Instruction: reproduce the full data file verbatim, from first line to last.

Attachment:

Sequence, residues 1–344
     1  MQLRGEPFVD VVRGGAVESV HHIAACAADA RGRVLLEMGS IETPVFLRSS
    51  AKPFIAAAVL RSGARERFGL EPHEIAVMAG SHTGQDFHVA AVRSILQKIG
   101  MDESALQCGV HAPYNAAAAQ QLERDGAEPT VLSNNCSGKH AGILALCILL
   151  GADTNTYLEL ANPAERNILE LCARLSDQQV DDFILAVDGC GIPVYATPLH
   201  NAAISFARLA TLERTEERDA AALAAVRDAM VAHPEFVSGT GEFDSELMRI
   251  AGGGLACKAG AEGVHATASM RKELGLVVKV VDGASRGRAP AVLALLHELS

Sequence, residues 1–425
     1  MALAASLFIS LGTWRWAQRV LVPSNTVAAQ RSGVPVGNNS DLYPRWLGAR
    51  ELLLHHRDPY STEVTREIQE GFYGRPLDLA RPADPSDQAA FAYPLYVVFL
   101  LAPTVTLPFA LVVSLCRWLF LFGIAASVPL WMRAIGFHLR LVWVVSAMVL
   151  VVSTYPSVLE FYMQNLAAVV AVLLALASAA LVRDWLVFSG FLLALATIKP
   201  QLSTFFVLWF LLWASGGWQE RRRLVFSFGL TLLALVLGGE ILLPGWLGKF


Sequence, residues 1–344
     1  MQLRGEPFVD VVRGGAVESV HHIAACAADA RGRVLLEMGS IETPVFLRSS
    51  AKPFIAAAVL RSGARERFGL EPHEIAVMAG SHTGQDFHVA AVRSILQKIG
   101  MDESALQCGV HAPYNAAAAQ QLERDGAEPT VLSNNCSGKH AGILALCILL
   151  GADTNTYLEL ANPAERNILE LCARLSDQQV DDFILAVDGC GIPVYATPLH
   201  NAAISFARLA TLERTEERDA AALAAVRDAM VAHPEFVSGT GEFDSELMRI
   251  AGGGLACKAG AEGVHATASM RKELGLVVKV VDGASRGRAP AVLALLHELS

Sequence, residues 1–425
     1  MALAASLFIS LGTWRWAQRV LVPSNTVAAQ RSGVPVGNNS DLYPRWLGAR
    51  ELLLHHRDPY STEVTREIQE GFYGRPLDLA RPADPSDQAA FAYPLYVVFL
   101  LAPTVTLPFA LVVSLCRWLF LFGIAASVPL WMRAIGFHLR LVWVVSAMVL
   151  VVSTYPSVLE FYMQNLAAVV AVLLALASAA LVRDWLVFSG FLLALATIKP
   201  QLSTFFVLWF LLWASGGWQE RRRLVFSFGL TLLALVLGGE ILLPGWLGKF